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CommodityQuant
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Estimate the length of time to complete a project

April 20th, 2017, 8:41 pm

I am a quant dev with a big C++ quant project and am charged with estimating how long it will take me to deliver. I have 3 days to produce the estimate.
I think that tentatively, management expect me to give a figure around the three months mark.
This project involves enhancing legacy code.
Can anyone give any guidance to resources on how to produce an estimate?  Of course, it's notoriously difficult to tell when a several-months project can be delivered.  It must be a common problem, and I'm sure there's a fair amount of literature on project
estimation but it would be good to see resources that are specifically oriented towards C++ quant projects rather than the completely
general case.
One thing that might be helpful might be info about how long various quantlib enhancements took.  This library is more similar to
quantlib than any other readily available library.  Any thoughts?  Thanks a lot.

CommodityQuant
 
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snufkin
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Re: Estimate the length of time to complete a project

April 21st, 2017, 9:56 pm

The ultimate guide to estimates like that is given by Joel Spolsky at https://www.joelonsoftware.com/2007/10/26/evidence-based-scheduling/; the previous version, though he says it's obsolete, is what you want to see: https://www.joelonsoftware.com/2000/03/29/painless-software-schedules/

In brief, you spend a day splitting the project into tasks, preferably under a day each. Then (another day), you assign an effort estimate to each one and sum those up. Then you spend a day considering the presentation of the estimate. There's absolutely nothing specific about C++ or quant case, it's just that the tasks will be different.  

Having said all that, consider what you lose if the estimate you give is one year? Two years? One month? Six months? In a sense, that's more of an exercise in setting up expectations. If you have an expectation of three months, do you need to challenge it? Are you okay with shipping something that's a result of three months worth of work, and claiming that's what's expected?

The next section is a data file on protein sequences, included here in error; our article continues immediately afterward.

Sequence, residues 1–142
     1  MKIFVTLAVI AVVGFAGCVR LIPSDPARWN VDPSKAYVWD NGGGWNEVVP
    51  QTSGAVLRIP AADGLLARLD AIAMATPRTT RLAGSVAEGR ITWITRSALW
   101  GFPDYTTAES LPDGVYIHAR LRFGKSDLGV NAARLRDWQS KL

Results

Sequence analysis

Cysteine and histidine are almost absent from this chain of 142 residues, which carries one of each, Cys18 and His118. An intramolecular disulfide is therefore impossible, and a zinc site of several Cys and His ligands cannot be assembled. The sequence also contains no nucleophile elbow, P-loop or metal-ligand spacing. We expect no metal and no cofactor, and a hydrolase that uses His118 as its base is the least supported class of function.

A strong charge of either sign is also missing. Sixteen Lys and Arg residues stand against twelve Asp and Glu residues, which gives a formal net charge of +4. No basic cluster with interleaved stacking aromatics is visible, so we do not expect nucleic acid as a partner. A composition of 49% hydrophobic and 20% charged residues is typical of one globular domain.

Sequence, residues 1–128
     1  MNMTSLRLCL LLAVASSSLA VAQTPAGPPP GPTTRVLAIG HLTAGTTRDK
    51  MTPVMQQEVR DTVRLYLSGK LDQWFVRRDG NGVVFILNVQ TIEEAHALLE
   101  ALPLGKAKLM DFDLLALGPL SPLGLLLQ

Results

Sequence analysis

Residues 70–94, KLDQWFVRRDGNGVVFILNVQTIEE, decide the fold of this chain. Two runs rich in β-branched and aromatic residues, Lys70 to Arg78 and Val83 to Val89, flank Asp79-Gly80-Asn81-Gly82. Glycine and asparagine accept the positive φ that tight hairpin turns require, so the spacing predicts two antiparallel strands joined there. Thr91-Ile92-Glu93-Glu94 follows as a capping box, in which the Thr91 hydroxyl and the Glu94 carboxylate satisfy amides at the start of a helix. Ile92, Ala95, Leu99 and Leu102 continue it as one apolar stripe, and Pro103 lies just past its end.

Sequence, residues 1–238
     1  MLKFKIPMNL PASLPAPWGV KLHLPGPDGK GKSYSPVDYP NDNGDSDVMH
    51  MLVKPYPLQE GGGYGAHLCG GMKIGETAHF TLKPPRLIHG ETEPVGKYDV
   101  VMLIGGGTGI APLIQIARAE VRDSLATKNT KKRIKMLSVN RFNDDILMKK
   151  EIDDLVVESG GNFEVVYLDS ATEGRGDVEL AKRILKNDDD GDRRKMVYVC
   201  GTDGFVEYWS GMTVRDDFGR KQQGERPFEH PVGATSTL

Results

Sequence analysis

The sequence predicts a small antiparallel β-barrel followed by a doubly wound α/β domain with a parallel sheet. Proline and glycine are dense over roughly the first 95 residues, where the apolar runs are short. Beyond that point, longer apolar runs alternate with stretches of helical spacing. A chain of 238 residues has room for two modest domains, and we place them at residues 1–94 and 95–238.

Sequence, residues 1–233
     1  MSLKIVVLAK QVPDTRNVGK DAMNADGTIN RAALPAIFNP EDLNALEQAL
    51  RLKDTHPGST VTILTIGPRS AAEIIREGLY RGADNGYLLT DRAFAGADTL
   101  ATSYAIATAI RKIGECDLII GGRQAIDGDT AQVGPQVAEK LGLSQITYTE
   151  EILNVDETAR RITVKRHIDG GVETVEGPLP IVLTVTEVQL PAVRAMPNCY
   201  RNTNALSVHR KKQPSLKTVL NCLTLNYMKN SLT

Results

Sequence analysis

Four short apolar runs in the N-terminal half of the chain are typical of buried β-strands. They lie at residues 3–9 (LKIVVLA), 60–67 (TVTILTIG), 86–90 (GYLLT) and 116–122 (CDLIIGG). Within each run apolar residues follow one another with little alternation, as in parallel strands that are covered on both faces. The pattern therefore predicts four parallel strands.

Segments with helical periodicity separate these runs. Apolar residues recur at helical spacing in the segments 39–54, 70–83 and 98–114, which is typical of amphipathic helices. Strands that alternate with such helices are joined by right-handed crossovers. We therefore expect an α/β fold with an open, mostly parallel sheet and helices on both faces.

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CommodityQuant
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Re: Estimate the length of time to complete a project

April 22nd, 2017, 7:07 am

snufkin, Many thanks for some very useful ideas and reference.

CommodityQuant
 
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ppauper
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Re: Estimate the length of time to complete a project

April 22nd, 2017, 7:54 am

I'm guessing that if you estimate 3 months and it takes 4, it looks like you have mismanaged the project, but if you estimate 6 months and it takes 4, you're a hero for bringing it in early
As snufkin said, managing expectations.
 
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DominicConnor
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Re: Estimate the length of time to complete a project

May 18th, 2017, 3:10 pm

Timescales are important, but also the schedule and expectations you set...

I've long advocated  "Continuous Visible Productivity", in other words structuring your work so that management regularly get to see progress. Big deep dives where nothing seems to happen are bad for your survival and bonus.

I'd also counsel you to run http://www.gimpel.com/html/index.htm PC Lint.
It will give a long list of bugs, potential bugs and general shit. This is important because you're dealing with old code. This is a thing to show to management to let them know how much grind ther is in the task. They won't read it,. but it sets an agenda...
Most of debugging is finding the bug, fixzing is easier usually. That means you have a list of defects that you can tick off and show progress, even better, this isn't just for show, you are genuinely makling things better.
 
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ISayMoo
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Re: Estimate the length of time to complete a project

May 20th, 2017, 7:56 pm

snufkin wrote:
The ultimate guide to estimates like that is given by Joel Spolsky at https://www.joelonsoftware.com/2007/10/26/evidence-based-scheduling/; the previous version, though he says it's obsolete, is what you want to see: https://www.joelonsoftware.com/2000/03/29/painless-software-schedules/

In brief, you spend a day splitting the project into tasks, preferably under a day each. Then (another day), you assign an effort estimate to each one and sum those up. 

And then you multiply the estimate by x >= 1.5.
 
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Cuchulainn
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Re: Estimate the length of time to complete a project

June 1st, 2017, 9:03 am

With estimation it is always junk in junk out. So if you cannot estimate ask for a prototype project to get a feel for the complexity.